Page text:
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Before coming to Ankara, I was warned that it was not the most exciting city of Turkey. Leaving hesitations aside, I decided to spent two months in this city and I was pleasantly surprised by the rich history and fun times that this old city has to offer. This post will be about my adventures throughout the nooks and cranies of this city.
Old ankara homes, ulus
Old ankara homes, ulus
Paper marbling at Hamamönü. The older woman invited young girls from the audience to teach them this art form.
I took this at Hamamönü, the restored area of old Ankara with tons of traditional shops, cafes, shisha bars, etc. The place was buzzing with activity post Iftar dinner
Koceteppe Mosque – this is the largest mosque in Ankara. After iftar dinner, my friend took me inside (we had to split because he couldn’t enter into the women’s section, and vice versa), and I walked throughout the mosque, snapping photos. The typical Islamic artwork inside the mosque was beautiful, and people were so welcoming of me, the one foreigner/only Asian/only girl in a super bright headscarf that my guy friend awkwardly tied around my head.
Again, inside the mosque from the women’s section. I tried my best to hide behind my (very tall male) friend while walking around this men-only section of the mosque while the imam was speaking. Men glared at me, so I hurried out of there!
I took this photo of the Qur’ans because it reminded me of Bibles that are available in churches for public use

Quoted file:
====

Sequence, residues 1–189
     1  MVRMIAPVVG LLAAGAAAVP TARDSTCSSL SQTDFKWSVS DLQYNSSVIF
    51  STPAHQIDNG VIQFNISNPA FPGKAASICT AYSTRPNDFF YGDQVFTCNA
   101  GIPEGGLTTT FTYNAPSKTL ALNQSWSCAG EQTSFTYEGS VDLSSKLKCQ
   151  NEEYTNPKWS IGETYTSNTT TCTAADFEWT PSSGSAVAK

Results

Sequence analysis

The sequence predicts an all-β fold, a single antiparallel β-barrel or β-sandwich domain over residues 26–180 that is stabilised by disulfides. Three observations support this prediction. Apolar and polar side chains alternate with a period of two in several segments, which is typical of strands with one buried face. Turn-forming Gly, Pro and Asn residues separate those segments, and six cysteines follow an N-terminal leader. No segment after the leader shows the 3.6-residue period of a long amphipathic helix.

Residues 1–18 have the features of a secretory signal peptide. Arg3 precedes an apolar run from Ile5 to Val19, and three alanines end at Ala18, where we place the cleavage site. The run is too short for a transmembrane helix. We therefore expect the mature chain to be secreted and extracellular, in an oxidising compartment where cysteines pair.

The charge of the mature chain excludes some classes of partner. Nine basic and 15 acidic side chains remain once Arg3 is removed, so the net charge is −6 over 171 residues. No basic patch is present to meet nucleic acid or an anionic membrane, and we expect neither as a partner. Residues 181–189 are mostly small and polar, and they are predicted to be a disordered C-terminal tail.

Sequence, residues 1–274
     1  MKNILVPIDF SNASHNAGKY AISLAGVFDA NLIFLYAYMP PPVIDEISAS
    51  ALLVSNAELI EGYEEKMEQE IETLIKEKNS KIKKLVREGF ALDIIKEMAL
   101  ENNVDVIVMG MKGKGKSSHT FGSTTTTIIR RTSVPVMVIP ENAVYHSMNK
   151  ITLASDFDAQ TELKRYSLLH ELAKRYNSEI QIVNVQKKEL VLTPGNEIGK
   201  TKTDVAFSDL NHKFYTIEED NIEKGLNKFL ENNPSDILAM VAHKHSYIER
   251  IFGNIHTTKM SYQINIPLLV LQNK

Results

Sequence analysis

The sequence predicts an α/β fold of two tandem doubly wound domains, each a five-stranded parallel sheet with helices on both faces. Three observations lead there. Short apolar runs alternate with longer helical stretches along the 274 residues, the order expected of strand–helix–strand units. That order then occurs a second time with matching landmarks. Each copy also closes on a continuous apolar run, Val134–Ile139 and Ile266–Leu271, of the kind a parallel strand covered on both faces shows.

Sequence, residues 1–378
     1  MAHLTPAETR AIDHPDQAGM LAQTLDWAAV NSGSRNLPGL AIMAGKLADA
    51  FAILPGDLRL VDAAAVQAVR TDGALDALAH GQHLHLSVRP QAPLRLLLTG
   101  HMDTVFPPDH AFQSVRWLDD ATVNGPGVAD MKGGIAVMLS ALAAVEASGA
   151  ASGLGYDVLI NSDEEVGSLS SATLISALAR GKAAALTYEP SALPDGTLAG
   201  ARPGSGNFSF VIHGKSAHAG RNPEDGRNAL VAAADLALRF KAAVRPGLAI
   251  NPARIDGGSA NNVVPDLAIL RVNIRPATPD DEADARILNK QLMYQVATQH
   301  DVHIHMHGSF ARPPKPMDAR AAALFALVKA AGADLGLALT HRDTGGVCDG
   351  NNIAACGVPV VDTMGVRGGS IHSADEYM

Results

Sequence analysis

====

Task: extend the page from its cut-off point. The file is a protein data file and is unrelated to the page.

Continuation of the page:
I snapped this photo from the inside of the mosque in an area where only women are allowed.
Inside the Koceteppe Mosque
Hacı Bayram Mosque,
This mosque, in the Ulus quarter next to the Temple of Augustus, was built in the early 15th century in Seljuk style by an unknown architect.
The ladies that I met inside the mosque were so welcoming! Without speaking a word of English, old women gathered around me, kissed me, redid my headscarf that my friend awkwardly tied around my head, and took my by the hand to show me around the inside of this old mosque.
The Korean War Memorial to honor the Turkish soldiers who served in the war.
The front of the Ethnography Museum, with an Ataturk statue
Mustafa Kemel Ataturk’s body was mummified after he died. The body was was taken from this place to Anıtkabir on 10/11/1953
Hat art on ceramic at the Ethnography Museum
Traditional tea culture display
A çaydanlık at Göksu parkı, eryaman, Ankara
Me and Mustafa Kemal Atatürk!
Where the old Turkish Parliament sat. I believe there were about 160 seats in this convening room.
“Sovereignty unconditionally belongs to the Nation” is the founding principle of the Republic of Turkey. This is the second Parliament Building of the Republic of Turkey